Infected potato plants with either AMV or PVY (based on ELSA tests) were collected from experimental farm of faculty of Agriculture- Assiut University, during 2013 growing season. Total RNA was extracted from these symptomatic potato leaves as well as from healthy plants using the Tri-reagent method (Molecular Research Center Inc., USA), as described before in Abdalla and Ali (2012a) [1]. The complementary DNA was synthesized using MMLV-RT reverse transcriptase enzyme (Biochain, USA), according to the manufacturer's instructions. PCR amplification was carried out using virus-specific forward and reverse primers to amplify the coat protein (CP) gene of either AMV or PVY as described before in Ali et al., (2012) [3]. Primers to amplify CP of AMV included forward AMV: 5′ GTCCGCGATCTCTTAAAT 3′ and reverse AMV: 5′ GAAG-TTTGGGTCGAGAGA 3′ as described by Abdalla and Ali (2012b) [2]. While, Primers to amplify CP of PVYincluded forward PVY: 5′-GATGGTTGCCTTGGATGATG ′3 and Reverse PVY: 5′-TAAAAGTAGTACAGGAAA AGCCA as described in Cardin and Moury (2008) [9]. The PCR products were analyzed on 1% agarose gel, visualized with ethidium bromide and examined under UV [27].


Electron Microscopy Examination (TEM)

Examination of symptomatic potato sap under electron microscopy, showed rod shape particles about 730 nm in length x 10 nm in width, Figure (1a), and bacilliform particles about 50 nm in length. These particles resembled typical Potato virus Y and Alfalfa mosaic virus Particles, respectively.

Figure 1. Electron micrograph 1a: Typical rod shape particles about 730 nm in length & 1b: Typical bacilliform particles about 130 nm in length.

Serological tests

Testing sap from symptomatic potato leaves, using antiserum against five different viruses in drop precipitation test, revealed that the sap of infected potato reacted positively with antiserum of AMV and PVY. These results were confirmed in ELISA tests using mono-antibodies against AMV and PVY Table (1).

Table 1. Reaction of infected potato sap in serological tests.


Certain Fabaceae and solanaceous hosts, as well as diagnostic plant were mechanically inoculated in separate way with AMV or PVY. Results showed that these two viruses have the potential to cause symptoms in these hosts. These symptoms ranged from moderate to severe symptoms. The most severe symptoms appeared in case of PVY inoculation into tomato or petunia plants, as PVY caused very severe symptoms included mosaic, mottling, vein clearing and leaf deformation in these solanaceous crops Table (2) & Figure (2). Inoculation of Chenopodium amaranticolor L. With PVY produced local lesion as amain character of this virus Table (2).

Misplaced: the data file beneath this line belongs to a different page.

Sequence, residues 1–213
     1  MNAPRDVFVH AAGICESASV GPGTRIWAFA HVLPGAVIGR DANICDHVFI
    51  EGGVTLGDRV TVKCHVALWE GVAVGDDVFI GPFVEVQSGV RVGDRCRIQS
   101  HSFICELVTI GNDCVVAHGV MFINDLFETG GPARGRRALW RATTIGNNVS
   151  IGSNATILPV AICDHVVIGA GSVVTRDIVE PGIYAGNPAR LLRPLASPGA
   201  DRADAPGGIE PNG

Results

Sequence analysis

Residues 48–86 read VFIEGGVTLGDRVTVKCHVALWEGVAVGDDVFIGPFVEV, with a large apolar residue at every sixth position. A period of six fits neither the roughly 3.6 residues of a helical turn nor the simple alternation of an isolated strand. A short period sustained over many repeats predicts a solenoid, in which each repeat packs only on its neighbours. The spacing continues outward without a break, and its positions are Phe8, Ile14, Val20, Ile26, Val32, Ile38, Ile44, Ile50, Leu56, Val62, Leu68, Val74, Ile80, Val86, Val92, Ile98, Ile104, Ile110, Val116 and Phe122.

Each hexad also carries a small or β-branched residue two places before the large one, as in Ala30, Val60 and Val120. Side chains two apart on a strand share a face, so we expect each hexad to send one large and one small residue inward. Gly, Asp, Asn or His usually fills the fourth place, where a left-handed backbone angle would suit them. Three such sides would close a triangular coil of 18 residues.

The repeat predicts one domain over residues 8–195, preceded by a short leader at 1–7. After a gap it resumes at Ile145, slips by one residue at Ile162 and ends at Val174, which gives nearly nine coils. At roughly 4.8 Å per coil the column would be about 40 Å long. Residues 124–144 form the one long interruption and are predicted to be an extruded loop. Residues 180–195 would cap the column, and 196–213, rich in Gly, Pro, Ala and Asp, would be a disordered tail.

Figure 2. Symptoms produced on garden petunia Petunia hybrida L. after mechanical inoculation: 2a= Inoculation with- AMV & 2b= Inoculation with PVY.

Table 2. Reaction of certain hosts and diagnostic plant to mechanical inoculation with AMV and PVY (separately).

Reverse transcription-Polymerase chain reaction (RT-PCR)

Presence of AMV and PYV in symptomatic potato plants was tested in RT-PCR test. Specific primers to amplify CP genes of AMV and PVY separately were used in this test. Analysis of PCR products amplified by these primers through gel electrophoresis, showed that these specific primers amplified the expected size of 800 and 900 bp for AMV or PVY, respectively Figure (3), indicating the presence of these viruses in infected potato plants. Using these specific primers with RNA extracted from healthy potato plants did not produce any PCR products (band), proving that these primers were very specific with either AMV or PVY. Results of RT-PCR also revealed that some of symptomatic potato plants were infected with either only one virus (AMV or PVY) or simultaneously infected with the two viruses Table (3).

Figure 3. Gel electrophoresis of PCR products amplified using specific primers to A: To amplify CP gene of AMV. B: To amplify CP gene of PVY

Table 3. RT-PCR results of tested potato plants against AMV and PVY.